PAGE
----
A tough day at work. No dinner in the crockpot. My youngest comes home from school in a mood. My oldest has disappeared to his job without doing the chores. The kitchen is a mess, the house is a mess, my head is a big, big mess. And I’m looking to take someone down for it.

It’s all his fault.

My favorite person in the world is my husband. The funniest, the most interesting, the most caring, the most supportive. He got me through my last episode without killing me or divorcing me, which in all seriousness must have taken darned near super-human strength. As a result, I sometimes find myself royally pissed off at him, because I’m unhappy and he isn’t fixing it.

It’s all his fault.

One of the things I’ve had to do, in the process of learning to deal with bipolar disorder, is figure out how to identify real emotions, as opposed to emotions being generated by screwed up brain chemistry. If the emotions are chemical, I have learned to defuse them, to take my emergency med if I need it, and to remove myself if necessary. If the emotions are real ...

It’s all his fault.

... then I have to deal with them functionally. If I deal with them dysfunctionally, the stress will trigger off a chemical response, and then I’m dealing with real emotions that are being magnified and complicated by mis-firing neurons in my brain. Translation: I become an emotional mess, and when that happens, everybody else needs to keep their heads well down.

It’s all his fault.

I ask myself questions. How do you actually feel? Is there something real setting it off? What can you do about it? I also ask myself, Are you sure someone else has to fix this?Can you deal with it yourself? I remind myself to watch my step. The family has suffered enough. If there really is a problem, take a mental time-out to make sure you’re calm and rational. Don’t hurt anybody.

It’s all his fault.

When it’s chemical, I sometimes warn everybody that I’m feeling bad, and would they please either keep their distance or walk softly around me? I sometimes say, “I am about to start yelling. Can we please stop this whole thing until I’ve pulled it together?”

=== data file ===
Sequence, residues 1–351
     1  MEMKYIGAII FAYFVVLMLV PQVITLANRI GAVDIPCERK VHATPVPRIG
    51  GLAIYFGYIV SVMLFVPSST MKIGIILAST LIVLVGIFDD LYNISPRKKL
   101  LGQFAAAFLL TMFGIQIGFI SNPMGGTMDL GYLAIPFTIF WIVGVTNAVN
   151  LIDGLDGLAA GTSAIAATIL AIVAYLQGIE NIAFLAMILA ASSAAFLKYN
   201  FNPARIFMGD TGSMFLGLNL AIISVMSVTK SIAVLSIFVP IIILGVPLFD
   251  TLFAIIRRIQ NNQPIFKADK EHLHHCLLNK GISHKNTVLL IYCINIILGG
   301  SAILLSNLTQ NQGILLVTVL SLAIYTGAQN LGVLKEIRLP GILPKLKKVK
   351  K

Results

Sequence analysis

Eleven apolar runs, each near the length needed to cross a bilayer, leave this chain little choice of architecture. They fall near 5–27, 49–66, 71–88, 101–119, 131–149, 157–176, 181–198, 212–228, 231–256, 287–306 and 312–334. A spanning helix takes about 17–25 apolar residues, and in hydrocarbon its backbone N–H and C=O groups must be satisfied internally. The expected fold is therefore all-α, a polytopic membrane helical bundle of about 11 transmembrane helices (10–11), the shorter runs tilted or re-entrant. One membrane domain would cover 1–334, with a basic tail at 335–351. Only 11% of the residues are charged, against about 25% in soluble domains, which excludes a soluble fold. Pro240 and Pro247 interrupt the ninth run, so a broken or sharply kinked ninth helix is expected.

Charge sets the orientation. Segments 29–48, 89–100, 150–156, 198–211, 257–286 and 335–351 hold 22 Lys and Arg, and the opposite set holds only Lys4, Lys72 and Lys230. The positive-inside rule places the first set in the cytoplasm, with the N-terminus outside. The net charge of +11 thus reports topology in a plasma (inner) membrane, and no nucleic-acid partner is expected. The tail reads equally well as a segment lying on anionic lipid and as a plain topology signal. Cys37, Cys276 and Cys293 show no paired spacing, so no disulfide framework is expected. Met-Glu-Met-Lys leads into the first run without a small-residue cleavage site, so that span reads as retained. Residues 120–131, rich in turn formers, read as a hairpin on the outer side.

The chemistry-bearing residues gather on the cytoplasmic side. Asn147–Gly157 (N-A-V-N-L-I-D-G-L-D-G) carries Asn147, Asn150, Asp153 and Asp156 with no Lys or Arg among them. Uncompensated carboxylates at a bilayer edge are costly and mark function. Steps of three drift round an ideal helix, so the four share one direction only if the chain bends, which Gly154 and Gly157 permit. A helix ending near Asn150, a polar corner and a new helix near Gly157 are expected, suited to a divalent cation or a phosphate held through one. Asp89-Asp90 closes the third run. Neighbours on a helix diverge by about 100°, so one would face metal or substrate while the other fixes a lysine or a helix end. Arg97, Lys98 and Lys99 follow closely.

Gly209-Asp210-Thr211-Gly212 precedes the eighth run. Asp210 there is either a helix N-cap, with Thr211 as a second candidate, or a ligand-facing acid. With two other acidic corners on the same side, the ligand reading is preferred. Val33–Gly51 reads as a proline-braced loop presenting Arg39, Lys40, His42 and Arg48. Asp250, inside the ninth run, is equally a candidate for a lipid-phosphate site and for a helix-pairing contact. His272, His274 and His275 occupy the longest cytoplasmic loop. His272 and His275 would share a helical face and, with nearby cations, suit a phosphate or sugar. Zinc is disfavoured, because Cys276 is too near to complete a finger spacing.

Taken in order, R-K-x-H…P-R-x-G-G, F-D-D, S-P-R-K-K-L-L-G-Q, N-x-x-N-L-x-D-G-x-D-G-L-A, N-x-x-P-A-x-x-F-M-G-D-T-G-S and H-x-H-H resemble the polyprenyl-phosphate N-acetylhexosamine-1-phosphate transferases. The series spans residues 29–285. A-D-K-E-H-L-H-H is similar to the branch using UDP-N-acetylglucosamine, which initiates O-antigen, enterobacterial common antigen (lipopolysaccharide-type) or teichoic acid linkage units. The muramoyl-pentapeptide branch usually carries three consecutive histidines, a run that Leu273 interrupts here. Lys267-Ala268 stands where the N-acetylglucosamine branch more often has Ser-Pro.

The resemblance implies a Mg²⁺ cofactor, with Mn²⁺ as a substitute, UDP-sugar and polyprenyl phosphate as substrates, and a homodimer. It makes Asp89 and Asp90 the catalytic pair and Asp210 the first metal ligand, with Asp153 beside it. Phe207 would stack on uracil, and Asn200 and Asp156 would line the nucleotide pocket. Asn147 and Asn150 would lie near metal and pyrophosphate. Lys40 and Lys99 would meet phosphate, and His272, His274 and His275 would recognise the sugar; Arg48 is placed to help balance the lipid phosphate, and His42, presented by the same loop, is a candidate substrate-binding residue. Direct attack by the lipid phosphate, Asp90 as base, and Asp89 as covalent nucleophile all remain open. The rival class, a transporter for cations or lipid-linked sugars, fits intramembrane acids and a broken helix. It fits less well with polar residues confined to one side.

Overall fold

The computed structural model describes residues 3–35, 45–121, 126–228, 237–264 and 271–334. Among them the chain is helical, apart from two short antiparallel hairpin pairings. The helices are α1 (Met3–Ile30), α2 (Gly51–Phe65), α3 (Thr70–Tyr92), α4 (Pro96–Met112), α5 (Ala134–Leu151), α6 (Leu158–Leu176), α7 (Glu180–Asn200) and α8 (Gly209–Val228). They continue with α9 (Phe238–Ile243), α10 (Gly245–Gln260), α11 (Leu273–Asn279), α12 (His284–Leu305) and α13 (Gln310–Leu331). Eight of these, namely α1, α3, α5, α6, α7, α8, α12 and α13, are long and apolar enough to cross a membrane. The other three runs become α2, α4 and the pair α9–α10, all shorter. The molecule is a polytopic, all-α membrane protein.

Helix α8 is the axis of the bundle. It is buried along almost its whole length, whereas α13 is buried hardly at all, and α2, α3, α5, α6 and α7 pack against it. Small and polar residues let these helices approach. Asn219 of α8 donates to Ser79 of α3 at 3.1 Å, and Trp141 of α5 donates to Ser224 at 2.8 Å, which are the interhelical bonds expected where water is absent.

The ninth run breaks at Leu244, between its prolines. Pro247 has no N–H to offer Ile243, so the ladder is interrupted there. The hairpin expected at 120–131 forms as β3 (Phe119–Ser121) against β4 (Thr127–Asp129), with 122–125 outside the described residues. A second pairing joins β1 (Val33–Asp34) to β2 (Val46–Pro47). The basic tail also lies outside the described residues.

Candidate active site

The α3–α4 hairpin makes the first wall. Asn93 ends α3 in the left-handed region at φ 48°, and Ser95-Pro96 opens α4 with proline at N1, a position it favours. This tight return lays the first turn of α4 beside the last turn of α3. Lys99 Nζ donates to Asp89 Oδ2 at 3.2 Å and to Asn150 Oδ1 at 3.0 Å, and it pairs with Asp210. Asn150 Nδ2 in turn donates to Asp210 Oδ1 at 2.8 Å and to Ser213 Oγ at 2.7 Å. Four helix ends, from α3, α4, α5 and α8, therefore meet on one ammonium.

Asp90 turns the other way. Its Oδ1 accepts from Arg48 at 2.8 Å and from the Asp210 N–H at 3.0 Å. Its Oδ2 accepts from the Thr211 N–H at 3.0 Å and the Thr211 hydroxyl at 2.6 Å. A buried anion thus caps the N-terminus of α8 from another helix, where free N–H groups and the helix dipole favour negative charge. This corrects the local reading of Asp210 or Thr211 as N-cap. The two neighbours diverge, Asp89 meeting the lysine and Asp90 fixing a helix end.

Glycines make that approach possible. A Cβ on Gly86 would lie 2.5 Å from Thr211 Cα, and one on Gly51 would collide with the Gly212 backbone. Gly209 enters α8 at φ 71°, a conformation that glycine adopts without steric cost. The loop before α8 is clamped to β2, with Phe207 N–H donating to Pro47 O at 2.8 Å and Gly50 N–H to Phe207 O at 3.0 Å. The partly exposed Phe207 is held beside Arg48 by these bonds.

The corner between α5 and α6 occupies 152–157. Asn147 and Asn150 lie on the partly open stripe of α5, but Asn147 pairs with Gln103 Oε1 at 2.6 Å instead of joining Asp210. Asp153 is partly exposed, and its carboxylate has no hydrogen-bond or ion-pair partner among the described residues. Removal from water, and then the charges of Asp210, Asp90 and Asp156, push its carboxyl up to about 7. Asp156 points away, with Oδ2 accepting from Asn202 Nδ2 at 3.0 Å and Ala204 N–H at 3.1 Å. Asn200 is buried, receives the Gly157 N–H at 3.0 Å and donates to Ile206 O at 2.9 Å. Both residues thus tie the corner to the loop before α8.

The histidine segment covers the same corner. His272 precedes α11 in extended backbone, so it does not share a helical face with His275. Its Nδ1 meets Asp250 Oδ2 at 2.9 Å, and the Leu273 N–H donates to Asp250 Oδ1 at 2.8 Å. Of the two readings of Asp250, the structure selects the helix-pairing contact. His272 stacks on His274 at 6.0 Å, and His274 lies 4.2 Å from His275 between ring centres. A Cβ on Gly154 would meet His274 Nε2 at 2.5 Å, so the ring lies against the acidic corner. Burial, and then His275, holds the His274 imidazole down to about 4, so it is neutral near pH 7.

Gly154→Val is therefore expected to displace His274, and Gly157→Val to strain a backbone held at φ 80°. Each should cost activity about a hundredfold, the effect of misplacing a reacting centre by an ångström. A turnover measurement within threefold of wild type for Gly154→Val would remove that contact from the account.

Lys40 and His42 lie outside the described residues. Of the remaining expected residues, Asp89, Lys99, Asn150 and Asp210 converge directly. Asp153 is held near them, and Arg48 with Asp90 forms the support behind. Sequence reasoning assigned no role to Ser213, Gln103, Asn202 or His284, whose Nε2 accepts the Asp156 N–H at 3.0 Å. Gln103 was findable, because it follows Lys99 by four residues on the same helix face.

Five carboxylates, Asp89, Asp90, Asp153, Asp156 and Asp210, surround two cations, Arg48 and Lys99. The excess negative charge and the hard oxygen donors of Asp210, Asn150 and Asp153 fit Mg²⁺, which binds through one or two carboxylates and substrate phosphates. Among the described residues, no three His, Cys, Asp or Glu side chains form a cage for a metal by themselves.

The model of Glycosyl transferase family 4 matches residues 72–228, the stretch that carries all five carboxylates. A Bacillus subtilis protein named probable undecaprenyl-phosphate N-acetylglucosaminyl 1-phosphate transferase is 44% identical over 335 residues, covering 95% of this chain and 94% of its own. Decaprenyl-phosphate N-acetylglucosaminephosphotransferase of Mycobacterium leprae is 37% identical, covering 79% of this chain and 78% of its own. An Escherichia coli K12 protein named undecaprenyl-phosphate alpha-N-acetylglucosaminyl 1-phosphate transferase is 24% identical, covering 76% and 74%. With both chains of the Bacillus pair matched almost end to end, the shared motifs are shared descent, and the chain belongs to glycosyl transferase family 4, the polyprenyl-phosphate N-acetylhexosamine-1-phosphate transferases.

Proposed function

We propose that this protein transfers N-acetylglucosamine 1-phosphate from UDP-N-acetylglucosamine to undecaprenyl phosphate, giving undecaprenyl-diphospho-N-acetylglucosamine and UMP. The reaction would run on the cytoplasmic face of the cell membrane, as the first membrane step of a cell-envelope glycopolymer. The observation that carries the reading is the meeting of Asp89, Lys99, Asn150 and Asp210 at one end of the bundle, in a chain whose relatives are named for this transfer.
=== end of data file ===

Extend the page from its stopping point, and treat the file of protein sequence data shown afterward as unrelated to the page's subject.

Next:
It’s all his fault.

I remind myself that my husband is not an emotional Mr. Fixit. If something is upsetting me, it’s not his job to pet me until I settle down. He’s not a punching bag, either. If I am feeling the need to take it out on somebody, I need to clear out. Even if I have a real reason to be angry with him, I have to keep a lid on it. I can tell him, “I am really angry with you!” but I can’t scream, “Why can’t you do anything right, you stupid son-of-a-bitch?” Even if it feels like he really can’t do anything right. Even if it feels like he really is a stupid son-of-a-bitch. Watch out. Those feelings are a trap.

It’s all his fault.

Recovering from my last episode of bipolar disorder has been different, because for the first time I am aware of what’s going on. As I stabilized, I started to realize how many of my feelings were irrational, or enlarged and twisted. For the first time in my life, I came up hard against the fact that I was going to have to take active responsibility for what I did in response to emotions, because my “natural” response, my unthinking response, was bound to be as twisted as the emotions.

It’s not his fault.

It isn’t my “fault,” either -- trust me, I did not ask to have bipolar disorder -- but it is my responsibility. Bad day at work? Agitated response to a negative comment? Depression showing up for yet another round? Figure it out. Learn to deal with it. Ask for help, but remember, while other people can hand me the hammer, I have to bang in the nail myself. I can ask someone to help lift the lumber, but it’s my house. I have to be the one to build it.

Looking at the last few years, I realize that I have not only been recovering. I have been maturing. I have been taking responsibility not only for my emotions and actions, but for other things, as well. I have to admit, it’s a lot of work and a lot of stress to be an adult, but it beats the heck out of having my head stuck in the trap.

My husband agrees with me. I think he appreciates knowing that, while I appreciate his help, I no longer think it’s all his fault.